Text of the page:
May 22, 2022

The Queens County Citizen

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Exposure to noise | Reducing the limit to 2023, FTQ is becoming impatient

Exposure to noise |  Reducing the limit to 2023, FTQ is becoming impatient

(Montreal) FTQ is campaigning against noise in the office, but Quebec will finally reduce the noise exposure limit, but only in June 2023.

Posted at 11:53 am yesterday

Leah Lewesk
Canadian Press

The daily noise exposure limit in the workplace is increased from 90 to 85 decibels.

క్యూ Quebec joins Canadian provinces on daily exposure criteria [8 heures] 85 dBA at the noise level ”, cited by the Commission for Equity, Health and Safety at Work (CNESST) standards, in question.

CNESST explains that this preventive measure “aims to reduce occupational deafness by updating control requirements and instructions regarding noise exposure and hearing protection”.

From 2011 to 2020, CNESST recorded 67,323 injuries and was “registered and approved for professional deafness”.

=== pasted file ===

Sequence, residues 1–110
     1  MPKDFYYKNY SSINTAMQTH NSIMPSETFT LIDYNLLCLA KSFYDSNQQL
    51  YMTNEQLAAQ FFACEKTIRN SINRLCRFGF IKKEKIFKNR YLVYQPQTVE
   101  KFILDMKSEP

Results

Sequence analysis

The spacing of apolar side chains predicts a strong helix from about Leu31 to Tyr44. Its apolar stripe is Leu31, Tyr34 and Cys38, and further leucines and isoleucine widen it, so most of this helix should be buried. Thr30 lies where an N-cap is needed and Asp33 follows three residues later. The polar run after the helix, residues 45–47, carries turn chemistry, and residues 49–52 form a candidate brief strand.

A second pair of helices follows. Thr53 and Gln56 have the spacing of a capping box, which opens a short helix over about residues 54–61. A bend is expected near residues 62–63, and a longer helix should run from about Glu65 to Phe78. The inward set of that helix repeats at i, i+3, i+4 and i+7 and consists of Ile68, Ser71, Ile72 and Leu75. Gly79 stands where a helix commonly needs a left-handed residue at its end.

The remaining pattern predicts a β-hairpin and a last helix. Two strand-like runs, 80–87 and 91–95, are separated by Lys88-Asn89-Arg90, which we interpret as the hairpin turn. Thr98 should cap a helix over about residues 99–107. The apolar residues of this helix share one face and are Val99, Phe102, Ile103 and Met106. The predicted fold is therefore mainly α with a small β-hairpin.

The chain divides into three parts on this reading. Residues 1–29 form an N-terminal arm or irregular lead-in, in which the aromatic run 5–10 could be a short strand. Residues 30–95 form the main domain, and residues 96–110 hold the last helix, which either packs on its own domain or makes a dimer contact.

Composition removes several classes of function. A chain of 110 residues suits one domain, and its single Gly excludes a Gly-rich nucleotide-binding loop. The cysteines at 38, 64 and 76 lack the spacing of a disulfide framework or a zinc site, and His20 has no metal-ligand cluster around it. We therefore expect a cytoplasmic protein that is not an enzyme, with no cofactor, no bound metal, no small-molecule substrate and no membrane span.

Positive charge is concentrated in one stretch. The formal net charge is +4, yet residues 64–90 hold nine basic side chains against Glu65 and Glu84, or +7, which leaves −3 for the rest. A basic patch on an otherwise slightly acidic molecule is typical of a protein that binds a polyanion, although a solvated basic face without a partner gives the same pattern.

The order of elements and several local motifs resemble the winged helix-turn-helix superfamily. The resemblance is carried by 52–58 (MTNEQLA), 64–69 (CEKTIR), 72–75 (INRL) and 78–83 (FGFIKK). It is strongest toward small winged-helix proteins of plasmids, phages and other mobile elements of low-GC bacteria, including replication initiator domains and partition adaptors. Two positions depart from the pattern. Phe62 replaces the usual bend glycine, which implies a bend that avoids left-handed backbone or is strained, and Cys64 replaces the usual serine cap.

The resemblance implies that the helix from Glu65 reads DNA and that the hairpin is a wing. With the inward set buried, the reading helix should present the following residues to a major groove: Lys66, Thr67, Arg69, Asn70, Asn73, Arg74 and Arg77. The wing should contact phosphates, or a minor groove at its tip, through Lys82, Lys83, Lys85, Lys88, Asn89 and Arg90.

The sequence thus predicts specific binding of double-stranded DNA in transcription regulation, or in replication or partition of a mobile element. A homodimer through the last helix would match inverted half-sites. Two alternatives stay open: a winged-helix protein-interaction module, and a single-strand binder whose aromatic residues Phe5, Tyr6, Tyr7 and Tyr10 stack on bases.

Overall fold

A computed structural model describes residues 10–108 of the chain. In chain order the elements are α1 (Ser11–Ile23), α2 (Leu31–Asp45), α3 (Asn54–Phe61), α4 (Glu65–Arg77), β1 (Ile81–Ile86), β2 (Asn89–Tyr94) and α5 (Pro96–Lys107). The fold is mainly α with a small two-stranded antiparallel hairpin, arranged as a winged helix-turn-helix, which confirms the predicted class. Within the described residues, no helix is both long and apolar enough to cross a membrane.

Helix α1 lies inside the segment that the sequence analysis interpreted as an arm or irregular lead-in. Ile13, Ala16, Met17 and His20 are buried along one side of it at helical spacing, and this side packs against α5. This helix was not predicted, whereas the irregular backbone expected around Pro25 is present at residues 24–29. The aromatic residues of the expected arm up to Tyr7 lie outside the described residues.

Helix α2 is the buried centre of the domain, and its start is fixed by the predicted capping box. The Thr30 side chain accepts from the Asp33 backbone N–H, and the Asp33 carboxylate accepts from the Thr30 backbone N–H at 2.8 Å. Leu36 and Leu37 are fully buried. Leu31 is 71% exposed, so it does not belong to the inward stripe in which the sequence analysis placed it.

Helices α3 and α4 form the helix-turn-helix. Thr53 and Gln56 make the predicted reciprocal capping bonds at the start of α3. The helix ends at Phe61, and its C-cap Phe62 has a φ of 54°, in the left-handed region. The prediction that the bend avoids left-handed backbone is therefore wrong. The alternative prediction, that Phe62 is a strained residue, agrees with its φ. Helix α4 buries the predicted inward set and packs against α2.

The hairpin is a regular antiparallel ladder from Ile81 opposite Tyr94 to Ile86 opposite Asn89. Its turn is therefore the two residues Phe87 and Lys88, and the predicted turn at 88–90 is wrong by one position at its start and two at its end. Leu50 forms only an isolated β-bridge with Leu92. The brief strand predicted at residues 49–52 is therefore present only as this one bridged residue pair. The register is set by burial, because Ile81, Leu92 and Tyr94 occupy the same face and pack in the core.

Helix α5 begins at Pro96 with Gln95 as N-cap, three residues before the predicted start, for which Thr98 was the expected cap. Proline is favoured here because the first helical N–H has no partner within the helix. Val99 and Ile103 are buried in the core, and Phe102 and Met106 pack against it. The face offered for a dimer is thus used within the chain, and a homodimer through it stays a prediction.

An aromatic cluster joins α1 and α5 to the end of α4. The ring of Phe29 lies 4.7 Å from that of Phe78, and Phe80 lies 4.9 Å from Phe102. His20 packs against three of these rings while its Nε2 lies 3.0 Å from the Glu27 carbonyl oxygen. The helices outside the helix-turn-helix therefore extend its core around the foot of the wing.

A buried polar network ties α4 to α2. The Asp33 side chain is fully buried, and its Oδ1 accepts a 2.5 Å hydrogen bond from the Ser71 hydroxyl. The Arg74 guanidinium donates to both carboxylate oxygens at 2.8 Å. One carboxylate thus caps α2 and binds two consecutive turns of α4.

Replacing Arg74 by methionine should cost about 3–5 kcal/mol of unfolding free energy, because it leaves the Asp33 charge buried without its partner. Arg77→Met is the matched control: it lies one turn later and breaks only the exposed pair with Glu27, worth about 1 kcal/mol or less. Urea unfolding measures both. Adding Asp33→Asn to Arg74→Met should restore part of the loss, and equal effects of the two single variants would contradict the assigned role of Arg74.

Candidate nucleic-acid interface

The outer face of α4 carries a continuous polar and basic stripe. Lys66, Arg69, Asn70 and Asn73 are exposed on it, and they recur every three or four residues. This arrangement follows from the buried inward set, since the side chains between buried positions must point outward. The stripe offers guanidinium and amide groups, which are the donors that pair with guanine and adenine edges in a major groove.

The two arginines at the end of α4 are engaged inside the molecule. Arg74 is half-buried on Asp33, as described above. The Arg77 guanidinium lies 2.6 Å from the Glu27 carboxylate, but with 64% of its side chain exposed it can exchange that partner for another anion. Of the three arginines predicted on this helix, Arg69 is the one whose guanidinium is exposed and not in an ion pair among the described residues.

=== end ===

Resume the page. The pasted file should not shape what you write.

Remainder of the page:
FTQ, which has been campaigning for years for more concern about noise in the workplace, wants us to be prepared now.

“We are far behind. We will be back by June 16, 2023. In terms of prevention, we are doing poorly in Quebec. We said during the study of Bill 59. [réforme en santé-sécurité au travail] : We are far from everyone in North America. And this also applies to sound; We need to rectify the situation, “said FTQ President Daniel Boyer in an interview.

“The first goal is to eliminate at source. We are telling our workers on the ground: the noise problem has been around for a long time. And we should not take action now because there is a standard that will be revised in 2023. The president of the Central Labor Union, which has more than 600,000 members, has warned.

The FTQ President also invites employers to participate in their efforts because they can provide solutions.

“Many companies are modifying their machinery because they are more robotizing and have artificial intelligence. If we change machines, we should be concerned that the noise should be low and acceptable,” Mr Boer argued.

According to the FTQ, more than 400,000 cubes experience an average noise level of 85 decibels during their eight-hour shift.